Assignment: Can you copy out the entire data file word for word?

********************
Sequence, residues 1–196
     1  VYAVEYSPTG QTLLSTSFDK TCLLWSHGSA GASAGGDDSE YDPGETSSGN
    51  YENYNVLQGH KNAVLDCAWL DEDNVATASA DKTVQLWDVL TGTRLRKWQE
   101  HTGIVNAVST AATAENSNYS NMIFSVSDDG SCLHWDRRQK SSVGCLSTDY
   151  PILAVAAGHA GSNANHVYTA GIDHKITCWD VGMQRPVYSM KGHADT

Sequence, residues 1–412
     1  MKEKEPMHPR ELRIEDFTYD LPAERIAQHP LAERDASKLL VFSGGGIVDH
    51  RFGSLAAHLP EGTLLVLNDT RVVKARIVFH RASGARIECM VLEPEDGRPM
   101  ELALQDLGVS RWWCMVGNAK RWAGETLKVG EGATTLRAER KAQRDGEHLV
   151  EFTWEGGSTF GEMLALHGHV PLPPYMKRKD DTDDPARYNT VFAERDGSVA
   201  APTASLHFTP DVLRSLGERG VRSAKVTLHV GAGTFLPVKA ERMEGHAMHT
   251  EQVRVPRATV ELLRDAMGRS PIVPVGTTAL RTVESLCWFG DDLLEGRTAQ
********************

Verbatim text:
Sequence, residues 1–196
     1  VYAVEYSPTG QTLLSTSFDK TCLLWSHGSA GASAGGDDSE YDPGETSSGN
    51  YENYNVLQGH KNAVLDCAWL DEDNVATASA DKTVQLWDVL TGTRLRKWQE
   101  HTGIVNAVST AATAENSNYS NMIFSVSDDG SCLHWDRRQK SSVGCLSTDY
   151  PILAVAAGHA GSNANHVYTA GIDHKITCWD VGMQRPVYSM KGHADT

Sequence, residues 1–412
     1  MKEKEPMHPR ELRIEDFTYD LPAERIAQHP LAERDASKLL VFSGGGIVDH
    51  RFGSLAAHLP EGTLLVLNDT RVVKARIVFH RASGARIECM VLEPEDGRPM
   101  ELALQDLGVS RWWCMVGNAK RWAGETLKVG EGATTLRAER KAQRDGEHLV
   151  EFTWEGGSTF GEMLALHGHV PLPPYMKRKD DTDDPARYNT VFAERDGSVA
   201  APTASLHFTP DVLRSLGERG VRSAKVTLHV GAGTFLPVKA ERMEGHAMHT
   251  EQVRVPRATV ELLRDAMGRS PIVPVGTTAL RTVESLCWFG DDLLEGRTAQ